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Dead Island: Riptide: Rinse and repeat

Dead Island: Riptide is a lot of the same and ultimately falls short of a what a great sequel should be made of.

Jeff Bakalar Editor at Large
Jeff is CNET Editor at Large and a host for CNET video. He's regularly featured on CBS and CBSN. He founded the site's longest-running podcast, The 404 Show, which ran for 10 years. He's currently featured on Giant Bomb's Giant Beastcast podcast and has an unhealthy obsession with ice hockey and pinball.
Jeff Bakalar
2 min read
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Watch this: Dead Island Riptide (trailer)

Dead Island: Riptide probably should have been downloadable content. Even at its attractive price point ($50 on consoles, $40 on PC), there's not much evolution from the original Dead Island's debut in 2011. After a less than engaging opening scene, you're washed onto the shore of yet another tropical island.

From there, it's like you're playing a bizarro carbon-copy of the first Dead Island game, replete with the same gory action that addicted gamers two years ago -- but also with the same forehead-slapping bugs and inconsistencies.

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It's not unreasonable to expect somewhat of an uptick from where things ended in Dead Island, but fans of the original might be disappointed to learn that there's not much that stands out as "new and improved." In fact, it's tough to really come up with even a short list of new features, save for a new playable character. That said, with less than two years in between games, it's not necessarily a shocking revelation that Riptide hasn't marched forward.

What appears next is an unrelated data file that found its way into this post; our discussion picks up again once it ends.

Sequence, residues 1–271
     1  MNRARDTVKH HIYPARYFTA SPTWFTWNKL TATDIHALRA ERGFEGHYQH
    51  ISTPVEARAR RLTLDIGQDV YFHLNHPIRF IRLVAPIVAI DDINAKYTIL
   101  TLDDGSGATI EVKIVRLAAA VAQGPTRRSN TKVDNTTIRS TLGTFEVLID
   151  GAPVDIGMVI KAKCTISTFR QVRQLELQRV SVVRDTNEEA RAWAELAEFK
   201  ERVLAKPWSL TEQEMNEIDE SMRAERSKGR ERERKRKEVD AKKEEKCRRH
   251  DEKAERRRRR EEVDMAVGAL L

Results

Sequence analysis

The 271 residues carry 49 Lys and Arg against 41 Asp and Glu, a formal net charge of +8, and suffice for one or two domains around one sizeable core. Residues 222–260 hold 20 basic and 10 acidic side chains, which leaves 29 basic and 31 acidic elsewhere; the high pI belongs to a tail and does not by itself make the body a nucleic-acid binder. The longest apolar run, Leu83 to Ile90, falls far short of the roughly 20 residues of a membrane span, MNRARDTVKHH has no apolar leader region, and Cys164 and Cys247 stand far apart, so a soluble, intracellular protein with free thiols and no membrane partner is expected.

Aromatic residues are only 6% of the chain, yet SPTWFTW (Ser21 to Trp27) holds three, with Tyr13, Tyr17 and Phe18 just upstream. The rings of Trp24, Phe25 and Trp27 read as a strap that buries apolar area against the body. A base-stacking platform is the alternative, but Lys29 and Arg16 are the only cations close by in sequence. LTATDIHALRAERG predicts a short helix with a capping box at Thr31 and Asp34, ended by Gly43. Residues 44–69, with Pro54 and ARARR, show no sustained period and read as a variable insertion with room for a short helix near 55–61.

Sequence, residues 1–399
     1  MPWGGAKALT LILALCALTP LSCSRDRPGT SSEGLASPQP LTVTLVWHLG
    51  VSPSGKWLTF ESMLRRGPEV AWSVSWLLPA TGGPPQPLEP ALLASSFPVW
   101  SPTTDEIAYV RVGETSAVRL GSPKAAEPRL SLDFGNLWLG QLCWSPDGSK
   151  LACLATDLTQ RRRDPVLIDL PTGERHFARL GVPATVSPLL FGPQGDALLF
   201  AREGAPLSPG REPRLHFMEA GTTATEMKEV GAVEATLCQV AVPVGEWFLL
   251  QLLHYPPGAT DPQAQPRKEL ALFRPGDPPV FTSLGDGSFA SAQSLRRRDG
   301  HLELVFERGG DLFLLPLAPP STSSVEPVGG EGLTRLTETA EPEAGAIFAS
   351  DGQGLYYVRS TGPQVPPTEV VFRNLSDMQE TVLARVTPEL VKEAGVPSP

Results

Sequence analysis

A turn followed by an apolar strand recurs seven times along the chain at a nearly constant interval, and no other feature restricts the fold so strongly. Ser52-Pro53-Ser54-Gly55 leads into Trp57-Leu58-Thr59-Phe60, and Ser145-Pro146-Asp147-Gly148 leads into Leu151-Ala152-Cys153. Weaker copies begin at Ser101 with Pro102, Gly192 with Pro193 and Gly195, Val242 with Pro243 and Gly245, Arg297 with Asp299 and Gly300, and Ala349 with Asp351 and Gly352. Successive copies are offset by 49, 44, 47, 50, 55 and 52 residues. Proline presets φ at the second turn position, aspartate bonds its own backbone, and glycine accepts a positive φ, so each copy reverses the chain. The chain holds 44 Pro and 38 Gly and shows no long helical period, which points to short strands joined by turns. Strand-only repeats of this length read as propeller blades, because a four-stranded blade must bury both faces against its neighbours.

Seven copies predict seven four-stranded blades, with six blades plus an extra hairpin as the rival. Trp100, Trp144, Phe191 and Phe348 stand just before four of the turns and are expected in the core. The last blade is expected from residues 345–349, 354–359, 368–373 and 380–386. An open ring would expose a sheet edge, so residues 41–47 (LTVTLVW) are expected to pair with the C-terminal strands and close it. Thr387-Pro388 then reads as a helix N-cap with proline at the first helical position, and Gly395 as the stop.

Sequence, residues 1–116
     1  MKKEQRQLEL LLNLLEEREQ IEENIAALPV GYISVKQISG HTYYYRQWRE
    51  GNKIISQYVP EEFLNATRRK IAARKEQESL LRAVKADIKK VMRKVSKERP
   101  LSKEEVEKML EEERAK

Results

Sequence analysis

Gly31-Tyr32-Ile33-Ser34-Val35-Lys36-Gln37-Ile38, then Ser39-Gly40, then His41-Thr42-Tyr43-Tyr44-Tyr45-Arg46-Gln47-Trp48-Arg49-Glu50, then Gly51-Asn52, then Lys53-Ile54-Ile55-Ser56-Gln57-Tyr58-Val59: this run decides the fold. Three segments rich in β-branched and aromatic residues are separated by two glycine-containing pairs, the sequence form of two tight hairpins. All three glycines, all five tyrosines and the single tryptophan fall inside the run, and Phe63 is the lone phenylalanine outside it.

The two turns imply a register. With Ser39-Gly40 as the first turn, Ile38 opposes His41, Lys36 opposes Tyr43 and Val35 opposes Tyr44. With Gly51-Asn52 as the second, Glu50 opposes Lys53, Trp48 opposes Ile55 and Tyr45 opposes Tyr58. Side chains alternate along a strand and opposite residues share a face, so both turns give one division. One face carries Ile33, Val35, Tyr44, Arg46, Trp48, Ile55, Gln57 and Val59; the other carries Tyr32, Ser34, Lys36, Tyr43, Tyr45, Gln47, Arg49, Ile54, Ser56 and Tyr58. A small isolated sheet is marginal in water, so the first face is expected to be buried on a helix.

Deep Silver/Techland

Most sequels drive the core game further along, all while keeping intact the things that made the original great. But with Dead Island: Riptide, the stagnant set of characters, similar environments, and unimaginative and repetitive quests hold everything back.

I did love the fact that I could import my character from the original, so I started Dead Island: Riptide at a level 38. The game also scales enemies accordingly, so you don't just mow your way through the first half of the game.

Slicing and dicing zombies is still undeniably satisfying, but the ways you'll do so have gotten stale. Outside of some of the crafted specialty weapons, there isn't a whole lot of in the way of innovation here. You use a weapon a lot, it breaks, you repair it.

Deep Silver/Techland

Visually speaking, the Xbox 360 version of Dead Island: Riptide is rough around the edges. There's an awful amount of screen tearing throughout and frame rates can take a huge hit when there's a lot of action onscreen. Things improve a lot on a capable PC, and the game performed gorgeously on our Digital Storm x17E.

CNET verdict: Dead Island diehards only

It's tough to recommend Dead Island: Riptide to gamers who fell in love with the first title. For those who just want more of the same, Riptide will likely fill that void. But for those who expect the franchise to evolve -- even on the simplest of levels -- Riptide is an unfortunate case of a sophomore let-down.
Deep Silver/Techland